Employee benefit plans and disability: 3 things to know

On Behalf of | Sep 12, 2018 | Uncategorized |

You’re a high-powered professional who is used to handling all sorts of sophisticated tasks with focus, efficiency and purpose. But if your employer doesn’t fulfill its commitments regarding benefits that are supposed to go with your job, it can really put you in a tough spot.

For example, what if you develop a disabling condition and your employer or its insurance company doesn’t pay out on your disability insurance?

Fortunately, a federal law known as ERISA provides key protections for situations such as this. Here are three important things to know about ERISA.

Though ERISA originally applied only to pension plans, its coverage now includes disability insurance and many other types of benefits.

Congress passed the Employee Retirement Income Security Act (ERISA) in 1974 to provide safeguards for employee pensions. It was prompted by prominent bankruptcies, such as the Studebaker-Packard Corporation, which left many workers without their pensions.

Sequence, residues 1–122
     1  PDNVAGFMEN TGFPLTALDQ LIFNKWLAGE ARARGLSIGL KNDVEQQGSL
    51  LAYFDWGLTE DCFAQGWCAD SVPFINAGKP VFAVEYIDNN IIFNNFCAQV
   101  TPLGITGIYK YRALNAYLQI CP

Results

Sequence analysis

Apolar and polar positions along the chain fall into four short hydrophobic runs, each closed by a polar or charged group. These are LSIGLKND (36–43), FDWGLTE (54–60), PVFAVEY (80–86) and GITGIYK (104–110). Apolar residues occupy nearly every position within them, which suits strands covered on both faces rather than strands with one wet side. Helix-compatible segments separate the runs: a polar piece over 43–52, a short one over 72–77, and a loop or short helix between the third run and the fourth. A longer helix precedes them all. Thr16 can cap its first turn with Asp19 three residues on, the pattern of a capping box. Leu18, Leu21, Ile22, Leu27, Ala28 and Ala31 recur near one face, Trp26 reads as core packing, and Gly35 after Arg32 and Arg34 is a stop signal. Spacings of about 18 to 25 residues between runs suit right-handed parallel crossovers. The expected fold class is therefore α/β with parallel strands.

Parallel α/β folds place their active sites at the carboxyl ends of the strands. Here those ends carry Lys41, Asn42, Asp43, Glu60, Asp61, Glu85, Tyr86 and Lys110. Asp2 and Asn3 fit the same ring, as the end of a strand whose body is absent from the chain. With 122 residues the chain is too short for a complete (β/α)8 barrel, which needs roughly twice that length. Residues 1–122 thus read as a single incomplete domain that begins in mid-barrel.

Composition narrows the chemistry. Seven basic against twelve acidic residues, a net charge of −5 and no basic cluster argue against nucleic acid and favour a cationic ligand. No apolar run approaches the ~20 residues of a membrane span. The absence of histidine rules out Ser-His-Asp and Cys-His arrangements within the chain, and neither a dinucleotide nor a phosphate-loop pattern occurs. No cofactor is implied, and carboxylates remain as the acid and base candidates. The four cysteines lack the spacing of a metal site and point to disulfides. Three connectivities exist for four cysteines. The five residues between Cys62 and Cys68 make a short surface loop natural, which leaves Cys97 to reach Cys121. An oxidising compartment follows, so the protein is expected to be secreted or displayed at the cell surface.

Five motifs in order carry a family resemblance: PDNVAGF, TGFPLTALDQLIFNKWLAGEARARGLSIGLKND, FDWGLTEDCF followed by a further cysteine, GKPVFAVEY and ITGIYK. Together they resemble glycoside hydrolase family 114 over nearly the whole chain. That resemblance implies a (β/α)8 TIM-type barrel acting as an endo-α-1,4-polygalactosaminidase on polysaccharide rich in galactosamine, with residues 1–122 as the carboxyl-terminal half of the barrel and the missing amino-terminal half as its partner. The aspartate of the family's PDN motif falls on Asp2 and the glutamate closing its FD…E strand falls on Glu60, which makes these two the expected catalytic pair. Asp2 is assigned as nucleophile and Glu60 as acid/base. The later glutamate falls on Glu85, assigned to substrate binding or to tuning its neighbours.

Over the years, however, ERISA has evolved to include many other types of benefits. As we explained in a post earlier this year, this includes disability insurance, health insurance, retirement contributions and employee stock options.

Many disabling conditions do not develop until later in life.

It’s easy to discount the possibility of becoming disabled. Yet Wed MD and other respected authorities put the odds of becoming disabled over the course of a person’s working years as about 1 in 3.

Broadly speaking, the most common cause of long-term disability is musculoskeletal problems. This includes conditions such as arthritis and joint problems.

Fibromyalgia, a condition involving chronic pain, fatigue and other symptoms, is another common challenge that can result in disability. More than 3.7 people in the U.S. suffer from fibromyalgia. Most of these people are women between 40 and 75 years old.

The sad fact is that with fibromyalgia and many other conditions, disability may not develop until later in life.

ERISA can be a useful tool for employees in benefit disputes with employers.

If your employer’s group benefit plan qualifies for ERISA, it imposes certain obligations on the employer. This includes disclosing information on the workings of the plan and procedures for filing to claim.

The employer also has the obligation to provide an internal appeals or grievance process for denied claims. And if necessary, it is possible to go into federal court under ERISA to challenge an employer’s improper denial of benefits.



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